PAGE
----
The Government this week re-introduced its Environment Bill to Parliament following the recent general election. The Department for the Environment, Food and Rural Affairs (DEFRA) also published its Policy Statement on the bill which sets out the Government’s plans, through the Environment Bill, to protect and improve the natural environment in the UK.
Some key headlines from the Policy Statement are set out below.
A. Environmental Principles Policy
The Bill legally obliges policy-makers to have due regard to the environmental principles policy statement when choosing policy options, for example by considering the policies which cause the least environmental harm. The environmental principles are:
1) environmental protection should be integrated into policy-making principle;
2) the preventative action to avert environmental damage principle;
3) the precautionary principle;
4) environmental damage should as a priority be rectified at source principle; and 5) the polluter pays principle.
The Bill will also require Statutory Environmental Improvement Plans (the first being the 25 Year Environment Plan) and set a new framework for setting long term legally binding targets in four priority areas of the natural environment: air quality; waste and resource efficiency; water and nature.
B. Creation of the Office for Environmental Protection
The Office for Environmental Protection will be an independent domestic watchdog. Through its scrutiny and advice functions, the new body will monitor progress in improving the natural environment in accordance with the government’s domestic environmental improvement plans and targets. It will be able to provide government with written advice on any proposed changes to environmental law.
Through its complaints and enforcement mechanisms, the Office for Environmental Protection will take a proportionate approach to managing compliance issues relating to environmental law. Failures by public authorities to implement environmental law will no longer be considered through European enforcement processes and instead the new body will engage with public authorities to reach a solution.
C. New Requirements on Resource and Waste Management
The Bill will contains powers to set minimum requirements on product labelling, and product and packaging ecodesign, to better inform consumers and to ensure products are more durable, reparable and recyclable. The Bill also includes measures that will allow the Government to introduce producer responsibility obligations on waste prevention and redistribution.
D. Local Air Quality Management Framework
The Bill makes a clear commitment to set an ambitious, legally binding target for the pollutant with the most significant impact on human health, fine particulate matter. Reductions in this pollutant will deliver significant benefits to public health and technological advancements, resulting in benefits for the economy.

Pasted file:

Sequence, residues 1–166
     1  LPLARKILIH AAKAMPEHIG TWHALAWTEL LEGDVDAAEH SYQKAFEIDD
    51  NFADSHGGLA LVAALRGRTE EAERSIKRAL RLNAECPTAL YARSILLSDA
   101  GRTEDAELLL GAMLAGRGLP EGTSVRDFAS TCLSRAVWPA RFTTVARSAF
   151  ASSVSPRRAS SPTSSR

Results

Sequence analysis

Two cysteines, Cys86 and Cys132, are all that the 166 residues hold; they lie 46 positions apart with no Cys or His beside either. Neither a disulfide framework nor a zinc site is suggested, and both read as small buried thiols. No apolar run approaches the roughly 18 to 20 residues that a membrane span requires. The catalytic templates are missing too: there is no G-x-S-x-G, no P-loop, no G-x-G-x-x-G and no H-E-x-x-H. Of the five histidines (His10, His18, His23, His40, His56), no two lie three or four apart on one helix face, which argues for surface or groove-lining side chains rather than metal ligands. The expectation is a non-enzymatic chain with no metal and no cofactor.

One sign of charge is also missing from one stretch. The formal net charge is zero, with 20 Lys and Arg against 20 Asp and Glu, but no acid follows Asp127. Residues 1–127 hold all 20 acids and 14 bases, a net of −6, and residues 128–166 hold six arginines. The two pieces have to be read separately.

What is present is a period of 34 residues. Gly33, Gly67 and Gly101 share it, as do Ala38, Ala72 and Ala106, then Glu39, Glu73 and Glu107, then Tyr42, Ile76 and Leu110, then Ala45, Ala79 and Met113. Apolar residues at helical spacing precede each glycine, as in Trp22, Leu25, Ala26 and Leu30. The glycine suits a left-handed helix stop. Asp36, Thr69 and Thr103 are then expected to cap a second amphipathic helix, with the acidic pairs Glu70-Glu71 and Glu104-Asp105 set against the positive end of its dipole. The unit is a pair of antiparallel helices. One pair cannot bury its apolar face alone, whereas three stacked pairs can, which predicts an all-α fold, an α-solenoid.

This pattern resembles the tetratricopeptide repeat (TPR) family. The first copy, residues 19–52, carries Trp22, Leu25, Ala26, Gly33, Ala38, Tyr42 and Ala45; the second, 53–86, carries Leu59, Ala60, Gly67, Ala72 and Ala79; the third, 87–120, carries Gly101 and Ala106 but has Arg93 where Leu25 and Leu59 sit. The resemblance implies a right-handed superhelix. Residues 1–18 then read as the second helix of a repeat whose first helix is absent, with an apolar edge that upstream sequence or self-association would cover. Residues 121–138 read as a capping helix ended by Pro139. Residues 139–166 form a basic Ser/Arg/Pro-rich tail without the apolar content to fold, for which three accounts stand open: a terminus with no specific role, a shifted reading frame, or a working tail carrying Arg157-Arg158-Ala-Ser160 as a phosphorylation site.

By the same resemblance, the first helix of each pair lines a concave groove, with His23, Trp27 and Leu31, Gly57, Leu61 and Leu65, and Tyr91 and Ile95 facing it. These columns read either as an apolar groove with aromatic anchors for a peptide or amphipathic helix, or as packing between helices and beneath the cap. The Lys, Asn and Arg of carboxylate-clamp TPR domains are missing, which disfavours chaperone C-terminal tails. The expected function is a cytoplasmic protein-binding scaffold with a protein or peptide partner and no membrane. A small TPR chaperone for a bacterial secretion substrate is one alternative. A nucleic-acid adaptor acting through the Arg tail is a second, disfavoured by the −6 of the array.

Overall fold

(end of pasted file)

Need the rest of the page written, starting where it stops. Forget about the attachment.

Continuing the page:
The Bill will also strengthen the ability for local authorities to address air quality issues by updating, simplifying and strengthening the local air quality management framework (LAQM). In particular it ensures that responsibility for addressing air pollution is shared across local government structures and with relevant public bodies.
E. Biodiversity Net Gain in the Planning System
The Bill introduces a mandatory requirement for biodiversity net gain in the planning system, to ensure that new developments enhance biodiversity and create new green spaces for local communities to enjoy. Net gain requirements will supplement, but not replace or undermine, existing protections for protected sites or irreplaceable habitats. In relation to protected sites, any net gain requirements would only be enforceable following a planning decision which will consider the existing legal and planning policy requirements for protected sites in the usual way. Net gain requirements will not undermine the existing range of protections, in planning policy and legislation, for irreplaceable habitats and protected sites.
F. Local Nature Recovery Strategies in Spatial Planning
The Bill introduces provisions requiring the development of Local Nature Recovery Strategies across England. These are tools that will support better spatial planning for nature recovery, by setting out priorities and opportunities for protecting and investing in nature within a local area. They will include a map of existing nature assets including protected sites and wildlife-rich habitats and will identify key opportunities for enhancement. The Bill strengthens the duty to cover the enhancement, as well as the conservation, of biodiversity, and requires public authorities to actively carry out strategic assessments of the actions they can take to enhance and conserve biodiversity.
G. Duty to Consult on Removal of Highway Trees
The removal of highway trees is usually met with great local concern and objection. The Bill introduces a ‘Duty to Consult’ which will give the public the opportunity to understand why a street tree is being felled and express any concerns regarding this.